WASHINGTON (CN) – At federal agency and court levels, the resources America makes available to couples dealing with unwanted pregnancies suffered twin setbacks heading into the weekend.
The Department of Health and Human Services leveled its blow Friday morning, holding firm on its widely criticized new rule that bars family-planning clinics from referring patients for abortions.
Though the Trump administration is reportedly considering a delay, following meetings that occurred this week with clinic officials, HHS said Friday its position has not changed. Earlier this week, the agency said it would begin enforcing the abortion gag rule immediately.
Clinic officials and states across the country are challenging the rule in courts across the country, and Planned Parenthood has said its 400 plan to defy the rule.
The developments at HHS come a day after U.S. District Judge Christopher Cooper tossed a lawsuit against the agency over its 2017 decision to end grant funding under the Teen Pregnancy Prevention Program.
TPPP was first put in place in 2010, making it possible for public agencies and nonprofit groups working to stamp out teen pregnancy to obtain federal funding. In canceling the program without explanation, HHS shifted its resources toward abstinence-focused programs.
Numerous courts have already ruled the TPPP termination unlawful, but Judge Cooper ruled late Thursday that mootness forecloses the suit at hand by Promundo-US, a nonprofit that has been using its TPPP grant to study young men of color.
The problem for Promundo is that it waited nearly a year after receiving the defunding notice to file suit. By that time, however, HHS had already distributed the funds from the 2018 quarter.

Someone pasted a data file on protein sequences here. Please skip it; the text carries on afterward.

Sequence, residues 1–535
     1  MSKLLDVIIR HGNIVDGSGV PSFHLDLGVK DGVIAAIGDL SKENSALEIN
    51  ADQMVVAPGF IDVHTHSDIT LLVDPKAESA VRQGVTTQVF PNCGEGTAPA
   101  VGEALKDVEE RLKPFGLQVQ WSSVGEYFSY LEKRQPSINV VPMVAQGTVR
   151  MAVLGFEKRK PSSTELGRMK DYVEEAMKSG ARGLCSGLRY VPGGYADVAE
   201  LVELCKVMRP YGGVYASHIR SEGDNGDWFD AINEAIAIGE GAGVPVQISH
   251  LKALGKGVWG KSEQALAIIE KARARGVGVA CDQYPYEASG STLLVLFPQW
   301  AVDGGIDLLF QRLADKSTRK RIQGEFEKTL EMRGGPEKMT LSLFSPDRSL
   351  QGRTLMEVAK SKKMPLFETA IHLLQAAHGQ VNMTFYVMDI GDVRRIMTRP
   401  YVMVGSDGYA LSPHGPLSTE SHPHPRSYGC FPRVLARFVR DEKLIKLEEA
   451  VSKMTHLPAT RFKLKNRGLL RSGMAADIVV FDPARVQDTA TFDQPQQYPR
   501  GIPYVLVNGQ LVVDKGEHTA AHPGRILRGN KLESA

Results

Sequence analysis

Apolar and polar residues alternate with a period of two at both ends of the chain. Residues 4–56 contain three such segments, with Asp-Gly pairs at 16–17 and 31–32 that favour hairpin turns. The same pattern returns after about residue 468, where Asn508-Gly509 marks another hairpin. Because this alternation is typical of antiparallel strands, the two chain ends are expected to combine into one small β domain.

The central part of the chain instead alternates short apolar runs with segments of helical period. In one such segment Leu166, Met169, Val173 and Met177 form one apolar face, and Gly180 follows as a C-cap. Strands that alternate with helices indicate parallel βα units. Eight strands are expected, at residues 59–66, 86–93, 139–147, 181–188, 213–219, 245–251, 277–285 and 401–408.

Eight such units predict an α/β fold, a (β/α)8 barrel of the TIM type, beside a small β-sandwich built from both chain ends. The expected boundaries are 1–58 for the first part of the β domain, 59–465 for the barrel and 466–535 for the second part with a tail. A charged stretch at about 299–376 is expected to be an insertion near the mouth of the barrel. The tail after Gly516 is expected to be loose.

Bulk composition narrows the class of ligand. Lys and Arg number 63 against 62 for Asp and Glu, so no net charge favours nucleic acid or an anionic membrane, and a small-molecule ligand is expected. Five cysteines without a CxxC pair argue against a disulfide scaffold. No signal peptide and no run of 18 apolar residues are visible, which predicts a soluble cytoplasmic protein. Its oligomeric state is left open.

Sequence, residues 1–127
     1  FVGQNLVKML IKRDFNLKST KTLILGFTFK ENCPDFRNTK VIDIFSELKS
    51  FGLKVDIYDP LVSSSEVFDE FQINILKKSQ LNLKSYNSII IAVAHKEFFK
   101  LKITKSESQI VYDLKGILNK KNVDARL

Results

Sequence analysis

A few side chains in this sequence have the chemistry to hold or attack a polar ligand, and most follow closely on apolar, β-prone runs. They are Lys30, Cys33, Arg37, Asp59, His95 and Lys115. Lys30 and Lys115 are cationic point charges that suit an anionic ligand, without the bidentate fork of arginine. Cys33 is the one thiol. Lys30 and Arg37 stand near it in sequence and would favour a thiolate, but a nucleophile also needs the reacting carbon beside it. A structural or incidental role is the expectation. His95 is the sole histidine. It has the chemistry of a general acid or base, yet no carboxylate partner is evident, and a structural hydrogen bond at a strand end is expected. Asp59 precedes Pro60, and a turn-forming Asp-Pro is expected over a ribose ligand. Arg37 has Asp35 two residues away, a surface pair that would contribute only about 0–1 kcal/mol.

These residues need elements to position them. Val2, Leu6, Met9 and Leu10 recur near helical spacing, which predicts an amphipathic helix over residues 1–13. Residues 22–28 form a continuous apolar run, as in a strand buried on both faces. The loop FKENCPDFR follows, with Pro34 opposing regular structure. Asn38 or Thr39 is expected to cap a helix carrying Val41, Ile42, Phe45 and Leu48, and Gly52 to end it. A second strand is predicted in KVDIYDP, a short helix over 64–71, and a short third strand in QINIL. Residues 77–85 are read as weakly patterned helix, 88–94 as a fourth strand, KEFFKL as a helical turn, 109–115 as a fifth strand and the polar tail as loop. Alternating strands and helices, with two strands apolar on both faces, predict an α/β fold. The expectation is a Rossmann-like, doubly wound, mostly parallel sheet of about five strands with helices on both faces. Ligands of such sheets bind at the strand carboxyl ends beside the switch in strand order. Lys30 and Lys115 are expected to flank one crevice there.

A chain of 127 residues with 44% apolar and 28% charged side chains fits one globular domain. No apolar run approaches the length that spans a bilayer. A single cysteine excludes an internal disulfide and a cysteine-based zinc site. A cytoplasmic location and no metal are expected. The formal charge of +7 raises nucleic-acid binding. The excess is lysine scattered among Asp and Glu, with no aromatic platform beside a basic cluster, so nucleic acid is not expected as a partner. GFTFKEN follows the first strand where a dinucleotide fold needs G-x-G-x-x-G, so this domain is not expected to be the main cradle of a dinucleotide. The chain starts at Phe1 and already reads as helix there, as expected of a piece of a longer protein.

“A court order requiring HHS to fund Promundo’s fourth budget period ‘from any source of funds other than the [2018 TPPP] appropriation would constitute money damages rather than specific relief,’” the ruling states. “And because the 2018 TPPP appropriation is no longer available for obligation, the court will dismiss as moot Promundo’s claims based on its fourth budget period.”
As for the fifth budget period, Cooper said this issue is not ripe because HHS has not yet determined what to do about Promundo’s funding.
Cooper noted that it would be “unfortunate to say the least” if HHS denied funding for the fifth quarter because of what has already been ruled to be an unlawful termination.
Still that decision is one that belongs to the agency, according to the ruling.
“That said, government counsel has represented that HHS has set aside adequate funds for the fifth year of Promundo’s grant (thus avoiding any mootness concerns), and Promundo still has the opportunity to convince the agency to release these funds,” Cooper wrote. “Should that effort fail, Promundo can renew the litigation. Without prejudging any further litigation, the court would only note that it is difficult to imagine circumstances under which it would uphold a denial of fifth-year funding based on project modifications caused by HHS’s unlawful termination of Promundo’s grant.”